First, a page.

Happy Leif Erikson Day!
Break out the horned helmets, because your new favorite Viking-themed holiday is upon us.
It’s Leif Erikson Day—which to some, is only an obscure reference to Spongebob Squarepants. But it’s also a day that should remind the city of Boston of its fake Viking heritage, because there once was a guy who told everyone that Leif Erikson landed in Massachusetts.
Eben Norton Horsford was a chemistry professor at Harvard in the late 1800s. He became rich after inventing double-acting baking powder, and was obsessed with convincing people that the original Bostonians were not the pilgrims, but rather the Vikings. So much, in fact, that he claimed to have located the lost Viking city of Norumbega on the banks of the Charles River.
To make all of this seem official, Horsford sank some of his fortune into erecting a statue for Leif Erikson on the Commonwealth Avenue Mall in 1887. He also established a granite plaque in Cambridge that supposedly marks the spot where Leif Erikson built his house in the year 1000— this spot was also conveniently a short walk from his home. While both of these places are perfect spots to celebrate Leif Erikson Day, let it be known that there has never been any proof that Leif Erikson, or any Viking, settled in the present day United States. The only real evidence of Vikings in North America comes from a 1960 archaeological dig that proved there was a Viking settlement in Newfoundland, Canada.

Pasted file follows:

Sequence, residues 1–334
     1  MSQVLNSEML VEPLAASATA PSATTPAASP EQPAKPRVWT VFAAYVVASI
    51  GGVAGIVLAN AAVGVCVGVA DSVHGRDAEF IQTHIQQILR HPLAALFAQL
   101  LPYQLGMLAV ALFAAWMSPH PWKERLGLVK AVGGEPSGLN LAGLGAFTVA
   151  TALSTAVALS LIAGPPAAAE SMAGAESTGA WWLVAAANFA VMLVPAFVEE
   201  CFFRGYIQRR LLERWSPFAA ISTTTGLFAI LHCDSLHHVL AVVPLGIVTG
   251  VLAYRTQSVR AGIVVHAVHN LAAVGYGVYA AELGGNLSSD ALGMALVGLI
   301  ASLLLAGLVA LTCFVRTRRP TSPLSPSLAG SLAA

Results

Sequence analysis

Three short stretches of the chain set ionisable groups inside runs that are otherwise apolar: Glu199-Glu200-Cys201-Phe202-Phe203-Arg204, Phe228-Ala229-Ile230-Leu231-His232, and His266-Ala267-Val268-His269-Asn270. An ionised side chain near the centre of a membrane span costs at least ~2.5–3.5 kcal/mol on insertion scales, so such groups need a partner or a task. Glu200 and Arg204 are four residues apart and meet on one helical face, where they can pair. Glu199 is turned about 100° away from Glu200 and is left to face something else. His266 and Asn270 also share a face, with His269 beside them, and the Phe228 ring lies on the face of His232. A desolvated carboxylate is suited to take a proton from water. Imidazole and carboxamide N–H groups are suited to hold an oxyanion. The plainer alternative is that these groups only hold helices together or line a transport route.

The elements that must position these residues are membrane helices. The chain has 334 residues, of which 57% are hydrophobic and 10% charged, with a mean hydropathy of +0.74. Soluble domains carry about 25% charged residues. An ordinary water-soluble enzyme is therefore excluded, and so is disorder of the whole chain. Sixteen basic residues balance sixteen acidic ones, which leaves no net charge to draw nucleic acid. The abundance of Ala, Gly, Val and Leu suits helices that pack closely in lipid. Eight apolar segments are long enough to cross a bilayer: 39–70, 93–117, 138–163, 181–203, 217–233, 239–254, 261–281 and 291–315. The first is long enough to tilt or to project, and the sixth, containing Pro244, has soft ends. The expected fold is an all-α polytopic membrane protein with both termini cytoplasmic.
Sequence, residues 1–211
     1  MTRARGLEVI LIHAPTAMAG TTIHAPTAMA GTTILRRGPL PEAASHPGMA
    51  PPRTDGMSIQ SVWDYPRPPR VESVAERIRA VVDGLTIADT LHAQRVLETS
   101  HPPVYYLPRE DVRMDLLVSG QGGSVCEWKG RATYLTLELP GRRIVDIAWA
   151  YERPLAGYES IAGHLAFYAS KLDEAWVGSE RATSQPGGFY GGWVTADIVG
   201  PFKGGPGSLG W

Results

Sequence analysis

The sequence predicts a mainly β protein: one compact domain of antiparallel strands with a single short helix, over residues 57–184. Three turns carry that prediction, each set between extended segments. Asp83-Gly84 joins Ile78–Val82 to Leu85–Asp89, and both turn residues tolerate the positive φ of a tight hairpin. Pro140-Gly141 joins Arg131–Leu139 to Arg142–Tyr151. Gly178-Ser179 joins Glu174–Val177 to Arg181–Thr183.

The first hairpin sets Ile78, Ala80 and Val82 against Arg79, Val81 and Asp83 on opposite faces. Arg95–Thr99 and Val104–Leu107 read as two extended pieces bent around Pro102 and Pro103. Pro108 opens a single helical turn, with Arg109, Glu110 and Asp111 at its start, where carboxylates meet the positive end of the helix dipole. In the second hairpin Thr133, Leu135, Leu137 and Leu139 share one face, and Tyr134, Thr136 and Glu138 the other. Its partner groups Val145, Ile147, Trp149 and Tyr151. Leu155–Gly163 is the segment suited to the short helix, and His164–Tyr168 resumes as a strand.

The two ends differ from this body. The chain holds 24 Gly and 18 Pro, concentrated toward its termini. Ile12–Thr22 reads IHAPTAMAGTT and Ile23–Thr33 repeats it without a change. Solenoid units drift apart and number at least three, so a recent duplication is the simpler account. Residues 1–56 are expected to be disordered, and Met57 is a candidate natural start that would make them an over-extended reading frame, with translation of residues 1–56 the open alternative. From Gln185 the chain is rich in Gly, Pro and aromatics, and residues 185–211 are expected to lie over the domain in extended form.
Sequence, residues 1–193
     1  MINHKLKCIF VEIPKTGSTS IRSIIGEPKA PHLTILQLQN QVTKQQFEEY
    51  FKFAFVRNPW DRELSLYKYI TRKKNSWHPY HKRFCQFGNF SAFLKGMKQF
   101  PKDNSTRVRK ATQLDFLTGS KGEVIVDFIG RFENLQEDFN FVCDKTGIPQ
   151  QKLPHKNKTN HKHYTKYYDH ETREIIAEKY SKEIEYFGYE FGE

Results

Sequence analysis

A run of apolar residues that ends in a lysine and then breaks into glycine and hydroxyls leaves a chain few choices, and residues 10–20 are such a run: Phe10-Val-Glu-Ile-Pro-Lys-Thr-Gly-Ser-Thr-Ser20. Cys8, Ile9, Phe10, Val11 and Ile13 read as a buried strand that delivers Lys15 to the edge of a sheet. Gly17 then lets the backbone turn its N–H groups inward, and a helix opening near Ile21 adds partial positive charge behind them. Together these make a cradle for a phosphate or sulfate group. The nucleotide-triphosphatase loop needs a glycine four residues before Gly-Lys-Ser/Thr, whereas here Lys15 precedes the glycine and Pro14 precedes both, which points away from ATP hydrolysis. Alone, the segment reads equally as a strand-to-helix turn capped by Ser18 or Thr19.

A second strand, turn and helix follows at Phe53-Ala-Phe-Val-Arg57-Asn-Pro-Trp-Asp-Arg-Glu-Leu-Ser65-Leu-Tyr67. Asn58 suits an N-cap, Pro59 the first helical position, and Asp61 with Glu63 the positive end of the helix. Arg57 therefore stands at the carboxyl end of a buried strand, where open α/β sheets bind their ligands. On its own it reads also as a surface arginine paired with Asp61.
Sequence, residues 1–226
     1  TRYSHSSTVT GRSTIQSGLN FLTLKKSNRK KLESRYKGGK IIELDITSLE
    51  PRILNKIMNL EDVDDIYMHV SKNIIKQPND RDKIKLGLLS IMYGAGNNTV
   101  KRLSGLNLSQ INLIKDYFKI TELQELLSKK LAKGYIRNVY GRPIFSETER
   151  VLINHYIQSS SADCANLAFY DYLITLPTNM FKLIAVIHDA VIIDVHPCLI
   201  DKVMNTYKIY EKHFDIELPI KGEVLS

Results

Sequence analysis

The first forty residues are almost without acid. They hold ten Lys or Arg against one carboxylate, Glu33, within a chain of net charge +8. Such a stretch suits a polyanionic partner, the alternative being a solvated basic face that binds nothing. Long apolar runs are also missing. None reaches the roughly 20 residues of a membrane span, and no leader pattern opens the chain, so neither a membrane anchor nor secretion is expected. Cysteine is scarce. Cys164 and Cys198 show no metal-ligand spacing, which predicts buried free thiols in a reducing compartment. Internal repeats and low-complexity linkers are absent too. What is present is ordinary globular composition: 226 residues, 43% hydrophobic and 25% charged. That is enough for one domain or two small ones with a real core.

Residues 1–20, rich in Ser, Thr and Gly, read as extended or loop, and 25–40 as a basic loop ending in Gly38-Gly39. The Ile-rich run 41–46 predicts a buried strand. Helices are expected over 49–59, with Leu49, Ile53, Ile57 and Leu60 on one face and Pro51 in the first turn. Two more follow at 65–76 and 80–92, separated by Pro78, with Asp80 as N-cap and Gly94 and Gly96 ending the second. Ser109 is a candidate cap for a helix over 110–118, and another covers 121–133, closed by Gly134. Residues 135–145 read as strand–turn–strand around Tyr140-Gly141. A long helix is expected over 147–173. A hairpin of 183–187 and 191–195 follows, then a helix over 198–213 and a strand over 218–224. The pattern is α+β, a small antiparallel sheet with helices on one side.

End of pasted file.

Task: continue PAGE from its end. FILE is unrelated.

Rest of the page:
Erikson’s travels involved a venture to “Vinland,” which Horsford believed was present day Cape Cod. In another effort to persuade Bostonians that this was true, Horsford built a tower in Weston and dubbed it “Norumbega Tower.” The tower features a plaque declaring that Erikson landed on Cape Cod before discovering the Charles and starting the Norumbega settlement. He explained the spot where he built the tower was probably where Erikson settled because “Norumbega” was probably the Algonquin tribe’s word for “Norway,” and the area pretty much looked like descriptions he’d read in stories of Viking discovery.
Horsford wrote numerous books and articles about the Vikings’ ties to Massachusetts in addition to funding and building the statue, tower, and plaques. His work doesn’t seem to have any basis in factual evidence, but perhaps the invalidity of it all can be overlooked on a day like today.